Global offshore rig activity has moved lower across both deep water and shallow water, with the total number of contracted rigs in both sectors down from 433 to 429 week-on-week
In its RigLogix platform, Westwood Global Energy reported 324 jack-up rigs and 108 floaters were contracted for week 40 of 2020. Jack-up activity in Southeast Asia and the Middle East was lower, while floater activity in the North Sea fell from 21 to 18 units week-on-week (w-o-w).
Some good news emerging from the North Sea for 2021 is that Aker BP and Oslo-listed Odfjell Drilling has signed a contract that commits further work to sixth generation, deepwater and harsh environment semi-submersible Deepsea Stavanger under an existing frame agreement.
Based on a GVA 7500 design, Deepwater Stavanger is capable of drilling in 3,000 m of water. The initial contract scope is for five wells, with an estimated contract value of up to US$44M, plus incentives. The contract will start at latest by end of Q3 2021, coinciding with Deepsea Stavanger’s return from South Africa.
BP Exploration terminated a contract with Odfjell Drilling Shetland Ltd for the semi-submersible Deepsea Aberdeen that was due to expire in April 2022. In accordance with the contract terms, BP will compensate Odfjell Drilling with an early termination fee through monthly payments until April 2022.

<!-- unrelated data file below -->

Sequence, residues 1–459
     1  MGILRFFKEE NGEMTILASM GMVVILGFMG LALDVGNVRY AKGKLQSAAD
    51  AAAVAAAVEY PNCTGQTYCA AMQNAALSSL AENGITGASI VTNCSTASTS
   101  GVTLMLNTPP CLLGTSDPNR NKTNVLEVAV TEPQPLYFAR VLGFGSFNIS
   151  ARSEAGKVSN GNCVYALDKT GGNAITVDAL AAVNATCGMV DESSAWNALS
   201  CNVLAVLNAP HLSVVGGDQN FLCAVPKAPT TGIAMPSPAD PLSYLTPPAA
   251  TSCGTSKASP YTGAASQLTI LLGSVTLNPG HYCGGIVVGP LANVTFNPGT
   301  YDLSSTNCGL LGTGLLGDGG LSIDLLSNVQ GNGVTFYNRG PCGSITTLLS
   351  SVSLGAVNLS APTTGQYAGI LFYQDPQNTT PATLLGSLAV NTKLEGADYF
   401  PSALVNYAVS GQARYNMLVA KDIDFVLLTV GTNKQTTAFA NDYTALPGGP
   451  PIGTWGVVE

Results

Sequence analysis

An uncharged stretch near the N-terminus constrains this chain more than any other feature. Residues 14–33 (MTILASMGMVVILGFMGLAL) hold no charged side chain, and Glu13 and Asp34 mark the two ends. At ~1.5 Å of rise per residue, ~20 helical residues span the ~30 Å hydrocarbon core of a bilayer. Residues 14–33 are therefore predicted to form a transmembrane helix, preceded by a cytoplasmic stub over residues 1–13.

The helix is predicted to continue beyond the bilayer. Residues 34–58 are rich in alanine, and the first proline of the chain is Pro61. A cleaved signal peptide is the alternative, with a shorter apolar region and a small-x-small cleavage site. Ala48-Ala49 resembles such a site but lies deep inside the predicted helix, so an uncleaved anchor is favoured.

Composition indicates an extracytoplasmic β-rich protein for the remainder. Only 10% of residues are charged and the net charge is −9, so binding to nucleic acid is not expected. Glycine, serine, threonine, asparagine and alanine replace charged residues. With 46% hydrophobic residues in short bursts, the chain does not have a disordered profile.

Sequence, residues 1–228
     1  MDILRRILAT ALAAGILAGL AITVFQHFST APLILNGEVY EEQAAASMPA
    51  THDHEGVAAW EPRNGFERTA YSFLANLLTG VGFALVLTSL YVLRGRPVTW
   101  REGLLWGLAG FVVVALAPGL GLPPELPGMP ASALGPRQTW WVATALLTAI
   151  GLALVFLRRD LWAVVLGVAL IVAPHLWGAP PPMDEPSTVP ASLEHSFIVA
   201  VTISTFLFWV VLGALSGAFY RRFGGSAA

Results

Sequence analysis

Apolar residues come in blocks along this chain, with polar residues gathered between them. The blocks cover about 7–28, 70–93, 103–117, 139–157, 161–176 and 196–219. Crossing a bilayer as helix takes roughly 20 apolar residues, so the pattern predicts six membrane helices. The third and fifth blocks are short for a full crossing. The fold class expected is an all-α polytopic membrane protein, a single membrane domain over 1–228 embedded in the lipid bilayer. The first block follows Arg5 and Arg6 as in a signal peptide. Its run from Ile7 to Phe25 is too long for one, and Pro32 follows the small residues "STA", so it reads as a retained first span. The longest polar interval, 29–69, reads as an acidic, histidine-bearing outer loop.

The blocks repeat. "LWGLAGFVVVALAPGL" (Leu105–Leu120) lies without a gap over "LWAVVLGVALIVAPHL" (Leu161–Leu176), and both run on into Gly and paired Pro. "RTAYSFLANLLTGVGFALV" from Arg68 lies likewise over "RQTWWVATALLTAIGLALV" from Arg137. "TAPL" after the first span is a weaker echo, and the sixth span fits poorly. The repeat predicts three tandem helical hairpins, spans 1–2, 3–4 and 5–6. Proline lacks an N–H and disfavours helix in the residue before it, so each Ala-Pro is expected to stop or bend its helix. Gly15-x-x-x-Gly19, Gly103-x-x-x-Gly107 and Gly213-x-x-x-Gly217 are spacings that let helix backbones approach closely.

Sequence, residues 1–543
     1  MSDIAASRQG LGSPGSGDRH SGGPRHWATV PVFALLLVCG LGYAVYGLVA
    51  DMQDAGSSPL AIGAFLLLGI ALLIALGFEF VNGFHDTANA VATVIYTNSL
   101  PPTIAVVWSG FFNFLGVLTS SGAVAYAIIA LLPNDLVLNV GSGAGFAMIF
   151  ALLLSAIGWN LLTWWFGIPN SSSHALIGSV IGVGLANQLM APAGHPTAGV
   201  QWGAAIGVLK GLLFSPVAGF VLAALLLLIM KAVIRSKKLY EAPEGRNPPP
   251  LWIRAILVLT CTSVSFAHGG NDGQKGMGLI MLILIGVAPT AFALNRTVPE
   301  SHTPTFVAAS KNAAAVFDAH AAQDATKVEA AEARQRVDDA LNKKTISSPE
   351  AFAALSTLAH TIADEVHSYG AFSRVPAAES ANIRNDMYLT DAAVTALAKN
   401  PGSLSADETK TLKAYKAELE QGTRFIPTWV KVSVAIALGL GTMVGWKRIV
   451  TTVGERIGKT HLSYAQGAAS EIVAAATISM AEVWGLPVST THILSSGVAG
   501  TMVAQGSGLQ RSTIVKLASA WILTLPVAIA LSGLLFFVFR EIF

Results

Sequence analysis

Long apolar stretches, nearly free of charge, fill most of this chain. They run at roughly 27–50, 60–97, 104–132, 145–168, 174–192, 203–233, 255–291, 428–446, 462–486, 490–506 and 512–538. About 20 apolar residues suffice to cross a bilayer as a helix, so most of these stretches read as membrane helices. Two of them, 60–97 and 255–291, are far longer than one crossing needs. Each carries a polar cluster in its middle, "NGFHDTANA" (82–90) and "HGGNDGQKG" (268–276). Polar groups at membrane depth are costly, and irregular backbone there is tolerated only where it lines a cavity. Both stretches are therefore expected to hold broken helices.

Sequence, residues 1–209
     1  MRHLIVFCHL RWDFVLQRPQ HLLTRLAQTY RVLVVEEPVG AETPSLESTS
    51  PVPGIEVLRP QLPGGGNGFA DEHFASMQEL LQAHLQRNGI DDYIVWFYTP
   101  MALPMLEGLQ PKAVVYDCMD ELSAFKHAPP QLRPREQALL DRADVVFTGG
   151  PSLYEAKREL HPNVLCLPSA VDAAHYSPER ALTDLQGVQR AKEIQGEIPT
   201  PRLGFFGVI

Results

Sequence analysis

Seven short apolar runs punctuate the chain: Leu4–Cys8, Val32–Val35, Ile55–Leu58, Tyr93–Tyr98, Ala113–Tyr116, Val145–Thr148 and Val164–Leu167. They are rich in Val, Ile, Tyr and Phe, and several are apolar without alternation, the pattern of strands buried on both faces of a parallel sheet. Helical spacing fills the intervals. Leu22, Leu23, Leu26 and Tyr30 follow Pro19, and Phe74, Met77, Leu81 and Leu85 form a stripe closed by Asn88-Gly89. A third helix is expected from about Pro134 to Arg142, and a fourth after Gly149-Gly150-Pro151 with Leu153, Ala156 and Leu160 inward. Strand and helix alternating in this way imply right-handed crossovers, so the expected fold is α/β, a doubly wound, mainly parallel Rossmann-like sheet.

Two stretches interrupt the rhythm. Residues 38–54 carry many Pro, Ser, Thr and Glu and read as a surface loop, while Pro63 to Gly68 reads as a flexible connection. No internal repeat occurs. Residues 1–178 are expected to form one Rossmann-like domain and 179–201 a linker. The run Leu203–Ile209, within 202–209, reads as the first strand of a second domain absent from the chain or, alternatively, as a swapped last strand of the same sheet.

Softening the blow of the BP termination, Odfjell Drilling reported that Wintershall Dea Norge AS has secured Deepsea Aberdeen for exploration wells at Dvalin North and Bergknapp fields and development wells at Vega field on the Norwegian Continental Shelf. With a start date of February or March 2021, the contract consists of four firm and three optional wells with an expected firm duration of 300 days. In addition, Wintershall Dea and Odfjell Drilling have entered into a long-term frame agreement for potential future rig needs.
As the Wintershall Dea contract falls within the original BP contract duration, BP will be entitled to a reduction in termination fee payments while Deepsea Aberdeen is operating for Wintershall. In total, Odfjell Drilling expects to maintain the same net cash flow as would have been the case with continued operations under the original BP contract.
Subsea construction on Seagull
In the central UK North Sea, energy independent oil company Neptune Energy and its joint venture partners BP and JAPEX reported they have begun the subsea construction phase of the Seagull tie-back – the first step in the offshore execution of the project.
TechnipFMC, working under the Neptune Energy Alliance Agreement, has deployed the reel pipelay vessel Apache II to start the pipe-in-pipe installation, laying 5 km of pipe connecting the Egret manifold to the Seagull development.
Once the project is completed, it is expected to produce 50,000 barrels of oil equivalents (boe) per day.
In late August, TechnipFMC mobilised the light construction support vessel Normand Mermaid to provide pre-lay activities, surveying and boulder removal. Following the pipe installation, the anchor-handling tug supply vessel Normand Ranger will undertake trenching activities for the development.
Partially using existing subsea infrastructure, the Seagull project will be tied back to the BP-operated ETAP Central Processing Facility. Gas from the development will come onshore at the CATS processing terminal at Teesside, while oil will come onshore through the Forties Pipeline System to the Kinneil Terminal, Grangemouth.
Operator of Seagull, Neptune, hold a 35% equity interest, BP has 50% and JAPEX the remaining 15%.